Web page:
Current research in the Tolman group encompasses synthetic bioinorganic and organometallic/polymer chemistry. In the bioinorganic area, our objective is to gain a fundamental structural, spectroscopic, and mechanistic understanding of metalloprotein active sites of biological and environmental importance via the synthesis, characterization, and examination of the reactivity of model complexes. The current goal of our research in the organometallic/polymer area is to synthesize and characterize a variety of metal complexes for use as catalysts for the polymerization of cyclic esters and for converting biomass feedstocks to useful monomers. In this project, particular emphasis is being placed on developing controlled synthesis of polymers derived from renewable resources.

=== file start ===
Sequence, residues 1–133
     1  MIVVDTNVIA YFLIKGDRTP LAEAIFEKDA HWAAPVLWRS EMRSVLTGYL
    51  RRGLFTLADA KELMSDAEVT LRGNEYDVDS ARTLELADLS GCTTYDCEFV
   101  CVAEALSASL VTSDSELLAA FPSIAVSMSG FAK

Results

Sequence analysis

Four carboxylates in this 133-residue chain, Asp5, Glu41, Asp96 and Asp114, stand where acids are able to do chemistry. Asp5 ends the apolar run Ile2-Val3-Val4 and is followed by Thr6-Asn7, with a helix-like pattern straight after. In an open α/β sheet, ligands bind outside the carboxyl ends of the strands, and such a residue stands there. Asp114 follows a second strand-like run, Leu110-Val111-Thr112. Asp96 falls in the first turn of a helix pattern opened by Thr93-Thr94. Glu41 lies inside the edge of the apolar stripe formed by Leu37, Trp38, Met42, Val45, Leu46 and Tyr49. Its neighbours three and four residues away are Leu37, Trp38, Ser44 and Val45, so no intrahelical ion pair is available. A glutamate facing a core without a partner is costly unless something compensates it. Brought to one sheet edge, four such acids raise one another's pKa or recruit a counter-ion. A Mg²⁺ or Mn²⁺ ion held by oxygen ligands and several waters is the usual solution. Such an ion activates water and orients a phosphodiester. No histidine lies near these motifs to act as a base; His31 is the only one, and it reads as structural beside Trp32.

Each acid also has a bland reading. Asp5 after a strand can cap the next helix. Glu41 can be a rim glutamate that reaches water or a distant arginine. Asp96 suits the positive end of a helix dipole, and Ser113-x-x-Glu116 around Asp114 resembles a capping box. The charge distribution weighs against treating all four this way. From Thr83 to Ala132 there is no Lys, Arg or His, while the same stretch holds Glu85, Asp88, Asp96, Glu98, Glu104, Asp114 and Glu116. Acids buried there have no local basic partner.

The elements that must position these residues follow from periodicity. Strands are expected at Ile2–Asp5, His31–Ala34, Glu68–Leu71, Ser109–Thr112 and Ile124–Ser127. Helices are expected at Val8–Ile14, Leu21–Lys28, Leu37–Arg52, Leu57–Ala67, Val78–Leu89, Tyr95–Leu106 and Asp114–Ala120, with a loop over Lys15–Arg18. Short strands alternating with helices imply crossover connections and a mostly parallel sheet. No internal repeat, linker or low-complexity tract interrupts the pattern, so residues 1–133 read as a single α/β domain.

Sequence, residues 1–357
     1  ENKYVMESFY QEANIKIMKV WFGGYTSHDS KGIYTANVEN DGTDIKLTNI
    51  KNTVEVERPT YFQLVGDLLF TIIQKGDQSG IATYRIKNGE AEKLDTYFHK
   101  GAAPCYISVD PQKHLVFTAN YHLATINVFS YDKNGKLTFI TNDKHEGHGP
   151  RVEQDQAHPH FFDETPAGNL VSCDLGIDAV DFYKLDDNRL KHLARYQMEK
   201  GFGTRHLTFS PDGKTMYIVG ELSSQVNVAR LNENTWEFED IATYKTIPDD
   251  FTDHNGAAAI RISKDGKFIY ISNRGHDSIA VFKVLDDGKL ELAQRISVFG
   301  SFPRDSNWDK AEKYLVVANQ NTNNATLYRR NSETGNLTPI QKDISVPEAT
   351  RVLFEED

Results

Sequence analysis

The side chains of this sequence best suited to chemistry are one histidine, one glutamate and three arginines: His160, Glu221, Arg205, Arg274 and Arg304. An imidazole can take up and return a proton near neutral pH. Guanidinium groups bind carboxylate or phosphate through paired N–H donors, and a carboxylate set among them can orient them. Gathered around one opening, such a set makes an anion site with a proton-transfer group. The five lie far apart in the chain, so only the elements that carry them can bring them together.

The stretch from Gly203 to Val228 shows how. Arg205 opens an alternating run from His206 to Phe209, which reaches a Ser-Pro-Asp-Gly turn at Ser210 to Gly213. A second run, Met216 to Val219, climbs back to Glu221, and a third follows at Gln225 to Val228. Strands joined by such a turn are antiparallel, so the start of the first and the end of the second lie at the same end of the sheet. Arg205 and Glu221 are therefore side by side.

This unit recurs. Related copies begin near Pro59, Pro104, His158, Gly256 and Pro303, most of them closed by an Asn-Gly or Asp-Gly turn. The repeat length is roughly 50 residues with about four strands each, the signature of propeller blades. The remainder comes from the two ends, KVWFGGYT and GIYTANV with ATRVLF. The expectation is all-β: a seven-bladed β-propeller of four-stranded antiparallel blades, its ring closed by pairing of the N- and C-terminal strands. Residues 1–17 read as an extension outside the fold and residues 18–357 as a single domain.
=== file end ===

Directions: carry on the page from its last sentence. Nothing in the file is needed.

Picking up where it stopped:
While the synthesis of new molecules lies at the center of our research effort, we also use a wide array of techniques to characterize the compounds we prepare and to examine their reactivity. Among the characterization methods that we use are X-ray crystallography, NMR, EPR, UV-Vis, FTIR, and resonance Raman spectroscopy, mass spectrometry, GC/M, SEC, DSC, tensile testing, and cyclic voltammetry. We also endeavor to unravel reaction mechanisms through kinetics and isotope labeling experiments. Students and postdoctoral associates in the group thus obtain a highly multidisciplinary training in the synthesis, structural and spectroscopic characterization, and mechanistic study of organic, inorganic, and organometallic molecules and polymers.

Financial support for the research is currently provided by the National Institutes of Health and the National Science Foundation.